It is no easy feat for US leaders to avoid "confusing unilateralism with leadership" or leadership with hegemony. As the sole superpower whose military weight must sometimes be used to address international conflicts, the United States has been compelled to act as a political entrepreneur that, under certain conditions, must threaten or use military force to induce collective action, particularly from its Western European allies. To reduce the complex link between leadership and hegemony solely to the ideological pre-occupations and influence of the Bush administration's neoconservatives is misleading. It is worth remembering that following the failure of European allies and the United Nations to use military force in the Balkans, US President Bill Clinton's administration also acted as the hegemon. If Kosovo's Muslims are today free of the threat of Serbian persecution and violence, this has something to do with the readiness of that "globalist" Democratic administration to implicitly (if belatedly) advocate a doctrine of military intervention and even regime change when sovereign states trample on international norms of human and civil rights. While there is no straight line from Clinton to Bush, there is certainly a conceptual and practical evolution from one to the other.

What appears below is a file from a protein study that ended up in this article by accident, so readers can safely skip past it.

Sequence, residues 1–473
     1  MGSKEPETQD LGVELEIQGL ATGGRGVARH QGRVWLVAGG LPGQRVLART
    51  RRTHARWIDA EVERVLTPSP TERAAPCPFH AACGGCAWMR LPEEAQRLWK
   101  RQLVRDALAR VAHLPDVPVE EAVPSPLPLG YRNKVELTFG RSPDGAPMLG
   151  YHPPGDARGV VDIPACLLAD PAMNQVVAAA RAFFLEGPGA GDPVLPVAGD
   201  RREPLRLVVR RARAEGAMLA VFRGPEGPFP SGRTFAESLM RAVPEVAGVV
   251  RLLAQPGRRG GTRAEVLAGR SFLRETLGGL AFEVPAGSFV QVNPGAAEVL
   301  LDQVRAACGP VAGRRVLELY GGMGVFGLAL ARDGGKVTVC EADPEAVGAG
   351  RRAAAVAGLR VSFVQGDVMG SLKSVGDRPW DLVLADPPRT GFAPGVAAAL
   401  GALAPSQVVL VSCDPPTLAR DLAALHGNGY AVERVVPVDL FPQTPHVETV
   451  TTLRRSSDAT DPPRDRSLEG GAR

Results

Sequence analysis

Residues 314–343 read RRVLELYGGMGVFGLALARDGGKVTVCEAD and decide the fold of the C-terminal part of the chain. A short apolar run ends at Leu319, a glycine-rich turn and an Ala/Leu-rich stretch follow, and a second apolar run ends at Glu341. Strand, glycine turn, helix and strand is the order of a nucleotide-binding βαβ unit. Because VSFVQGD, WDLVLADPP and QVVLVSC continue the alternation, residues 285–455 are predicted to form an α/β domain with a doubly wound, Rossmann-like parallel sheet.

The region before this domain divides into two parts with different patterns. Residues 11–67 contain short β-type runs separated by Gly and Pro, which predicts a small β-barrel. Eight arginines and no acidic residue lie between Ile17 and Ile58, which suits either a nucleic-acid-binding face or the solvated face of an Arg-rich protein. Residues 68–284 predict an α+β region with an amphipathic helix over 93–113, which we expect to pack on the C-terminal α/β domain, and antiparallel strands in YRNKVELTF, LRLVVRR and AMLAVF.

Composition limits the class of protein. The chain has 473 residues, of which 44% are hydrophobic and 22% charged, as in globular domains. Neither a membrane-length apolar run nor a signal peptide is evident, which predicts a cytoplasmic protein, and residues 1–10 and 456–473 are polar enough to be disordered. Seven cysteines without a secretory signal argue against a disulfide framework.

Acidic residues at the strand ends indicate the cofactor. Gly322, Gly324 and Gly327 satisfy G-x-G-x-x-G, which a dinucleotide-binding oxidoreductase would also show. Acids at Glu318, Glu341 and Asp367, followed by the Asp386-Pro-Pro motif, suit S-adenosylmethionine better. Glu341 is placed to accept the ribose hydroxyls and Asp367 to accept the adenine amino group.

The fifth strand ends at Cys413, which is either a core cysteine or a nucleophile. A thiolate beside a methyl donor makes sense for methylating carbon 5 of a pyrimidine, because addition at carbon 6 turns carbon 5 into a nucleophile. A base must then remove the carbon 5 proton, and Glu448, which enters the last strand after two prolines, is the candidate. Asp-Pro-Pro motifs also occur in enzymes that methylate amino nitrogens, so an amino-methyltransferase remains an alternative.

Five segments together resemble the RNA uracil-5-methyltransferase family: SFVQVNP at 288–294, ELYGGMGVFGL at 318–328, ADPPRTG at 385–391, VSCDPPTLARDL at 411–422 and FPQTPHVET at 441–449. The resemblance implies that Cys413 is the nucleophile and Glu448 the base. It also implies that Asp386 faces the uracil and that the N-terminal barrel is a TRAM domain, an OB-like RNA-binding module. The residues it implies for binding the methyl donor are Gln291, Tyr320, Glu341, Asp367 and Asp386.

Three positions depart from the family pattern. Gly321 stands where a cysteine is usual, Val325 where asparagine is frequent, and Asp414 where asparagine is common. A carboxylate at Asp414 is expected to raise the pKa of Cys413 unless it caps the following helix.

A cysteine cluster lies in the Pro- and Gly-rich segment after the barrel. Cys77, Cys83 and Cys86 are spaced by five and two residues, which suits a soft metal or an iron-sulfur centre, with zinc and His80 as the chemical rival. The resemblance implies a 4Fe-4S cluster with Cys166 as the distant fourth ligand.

The question of Iraq illustrates the thorny link between leadership and hegemony. Absent the Bush administration's willingness to use force, Saddam Hussein would likely continue to flout UN authority indefinitely. The looming threat of US unilateralism has, at least for the time being, reinforced UN legitimacy and prominence, much to the chagrin of the neoconservatives in the Bush administration. The latter might still prevail over the more multilateralist instincts of US Secretary of State Colin Powell and his allies in the US State Department and even military, but US military predominance remains an "indispensable" reality with which European leaders must grapple despite their misgivings or ambiguous feelings about the costs and benefits of hegemony.
I doubt that such misgivings will create the "balancing coalition" Ambassador Zarif describes. European peace and prosperity are founded on a quest for economic, political, and social integration whose very success hinges on having the United States shoulder the primary economic and even human costs of acting as military hegemon. The challenge facing European leaders today is to harness and thus restrain US power without sacrificing their countries' vital interests.